Poor Harry Reid catches it from every side.
My colleagues at his hometown newspaper in Las Vegas deploy their quirkishly conservative editorial page to pummel him regularly with evident relish.
Republicans, citing his boxing background, accuse him of being entirely too pugilistic a partisan.
Some liberal Democrats charge that he plays too gently with Republicans and Democratic strays, thus squandering the potential fruits of the recent election victory.
Doesn't anyone have a good word for the Senate's majority leader?
Actually, yes. The New Republic had a piece last week which, while assessing Reid's bad and good sides, said that Democratic senators swear by him and believe he's managing them about as well as anyone possibly could.
If you disagree, perhaps you should try getting a single lasso around New York's Chuck Schumer and Nebraska's Ben Nelsen. One knows what it takes to get re-elected in New York and the other knows what it takes to get re-elected in Nebraska. These are different planets.
Reid knows to give these fellows a wide berth generally if he ever hopes to avail himself of the majority they help provide and reel them in specifically.
And when might that specific time be? Soon, actually. Reid intends to lay it on the line to enact health care reform this year. The Democrats can't count long on a popular president, 58 or 59 Senate votes and a business community finally resigned to the idea that something must be done to broaden insurance coverage and lower costs.
"The days of LBJ are over," one of Reid's aides told me by phone last week. "Anymore you've got 50-plus people (Democrats in the Senate) with their own agendas and their own money-raising and their own constituencies and their own TV images. You don't whip 'em like they used to. You herd them the best you can and try to keep your eye on your real goals."
Blanche Lincoln, a moderate Democratic senator from Arkansas, calls Reid's job "herding cats." A majority of 58 is a mixed blessing, she said. It gives you a bigger majority. It also gives you a more complex diversity of interest.
She's been one of the friskiest cats lately.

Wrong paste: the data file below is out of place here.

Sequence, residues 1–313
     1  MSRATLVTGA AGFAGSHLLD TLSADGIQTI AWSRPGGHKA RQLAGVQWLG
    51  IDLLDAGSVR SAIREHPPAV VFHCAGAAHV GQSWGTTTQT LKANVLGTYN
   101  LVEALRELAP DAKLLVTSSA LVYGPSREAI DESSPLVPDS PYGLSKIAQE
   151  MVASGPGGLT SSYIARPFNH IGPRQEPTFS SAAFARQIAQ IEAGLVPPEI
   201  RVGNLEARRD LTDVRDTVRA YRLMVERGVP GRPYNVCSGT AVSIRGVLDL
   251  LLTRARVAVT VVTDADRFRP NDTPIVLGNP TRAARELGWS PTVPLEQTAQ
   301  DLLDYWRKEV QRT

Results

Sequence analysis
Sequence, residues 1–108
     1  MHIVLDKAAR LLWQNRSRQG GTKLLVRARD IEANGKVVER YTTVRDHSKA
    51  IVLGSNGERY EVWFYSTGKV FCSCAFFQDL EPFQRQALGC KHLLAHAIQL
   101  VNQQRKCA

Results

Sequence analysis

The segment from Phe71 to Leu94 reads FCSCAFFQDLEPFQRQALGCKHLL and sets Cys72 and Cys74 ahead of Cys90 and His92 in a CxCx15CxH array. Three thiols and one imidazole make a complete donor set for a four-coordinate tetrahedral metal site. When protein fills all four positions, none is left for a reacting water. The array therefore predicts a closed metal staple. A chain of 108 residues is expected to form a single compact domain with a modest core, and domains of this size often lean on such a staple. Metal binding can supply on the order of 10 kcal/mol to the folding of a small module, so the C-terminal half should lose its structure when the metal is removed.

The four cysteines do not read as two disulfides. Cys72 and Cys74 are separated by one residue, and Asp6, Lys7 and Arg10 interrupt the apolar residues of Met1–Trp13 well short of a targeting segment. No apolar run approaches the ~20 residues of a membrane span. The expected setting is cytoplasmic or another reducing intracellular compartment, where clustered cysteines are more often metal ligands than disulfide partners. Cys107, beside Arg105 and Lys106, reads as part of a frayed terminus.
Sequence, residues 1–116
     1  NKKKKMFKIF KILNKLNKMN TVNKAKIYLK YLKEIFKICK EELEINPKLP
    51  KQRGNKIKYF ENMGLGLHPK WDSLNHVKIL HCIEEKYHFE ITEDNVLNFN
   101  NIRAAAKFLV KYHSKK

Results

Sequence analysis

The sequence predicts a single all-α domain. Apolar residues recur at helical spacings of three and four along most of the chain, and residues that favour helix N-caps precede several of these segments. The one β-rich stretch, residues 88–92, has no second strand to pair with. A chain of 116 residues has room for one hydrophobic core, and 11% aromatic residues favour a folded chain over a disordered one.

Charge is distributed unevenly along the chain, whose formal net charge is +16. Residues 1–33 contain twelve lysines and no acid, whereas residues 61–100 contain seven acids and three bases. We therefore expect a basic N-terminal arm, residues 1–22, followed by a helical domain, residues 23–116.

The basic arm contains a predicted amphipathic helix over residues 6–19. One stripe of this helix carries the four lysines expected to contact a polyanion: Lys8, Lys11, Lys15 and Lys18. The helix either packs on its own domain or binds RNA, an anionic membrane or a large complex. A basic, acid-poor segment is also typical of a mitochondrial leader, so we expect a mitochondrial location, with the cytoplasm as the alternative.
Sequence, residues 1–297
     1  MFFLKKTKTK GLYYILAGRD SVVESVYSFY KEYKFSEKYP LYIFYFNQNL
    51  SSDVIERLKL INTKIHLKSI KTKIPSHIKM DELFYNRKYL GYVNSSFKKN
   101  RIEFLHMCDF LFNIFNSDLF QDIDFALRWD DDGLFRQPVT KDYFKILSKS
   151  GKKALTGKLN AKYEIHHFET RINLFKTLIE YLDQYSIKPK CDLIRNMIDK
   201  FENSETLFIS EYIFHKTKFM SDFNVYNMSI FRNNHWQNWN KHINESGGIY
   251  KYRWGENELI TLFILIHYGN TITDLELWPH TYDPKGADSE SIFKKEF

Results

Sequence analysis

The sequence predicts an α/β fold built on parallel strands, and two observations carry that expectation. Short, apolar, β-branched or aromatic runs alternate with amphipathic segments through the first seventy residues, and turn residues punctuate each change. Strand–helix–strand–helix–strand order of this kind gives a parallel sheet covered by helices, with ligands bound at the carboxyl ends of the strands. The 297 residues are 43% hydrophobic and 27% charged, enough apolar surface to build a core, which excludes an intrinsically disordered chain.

Facing re-election next year in her anti-union state, she went home last week and publicly declared her opposition to organized labor's "card check" bill. That made doubly certain what had been fairly certain already, which was that labor's coveted initiative could not pass this Congress and that Democrats, so beholden to labor in the recent elections, would be unable to deliver the political payoff.
So what did Reid do? He said, well, OK, let's move on. Then he told labor people not to give up because he was putting some centrist Democrats to work on trying to cook up a compromise from the center out.
But does Reid stand for anything other than pragmatic partisan management? Or is the Beltway process itself his principle?
To that question I'd cite an anecdote from the piece in The New Republic. Asked if he carried any special keepsakes, Reid pulled from his wallet some ragged, self-taped clippings of Republican quotes over the years. They were from the likes of Bob Dole, Dick Armey and Newt Gingrich. And they were to the effect that Medicare "has no place in the free world" and that Social Security is a "rotten ticket."
Does Reid keep those clippings around for talking points or does he cling to them to remind himself of his important differences with Republicans? Either way sounds good to me, and, anyway, it's probably both.
John Brummett is an award-winning columnist for the Arkansas News Bureau in Little Rock and author of "High Wire," a book about Bill Clinton's first year as president. His e-mail address is jbrummett@ arkansasnews.com.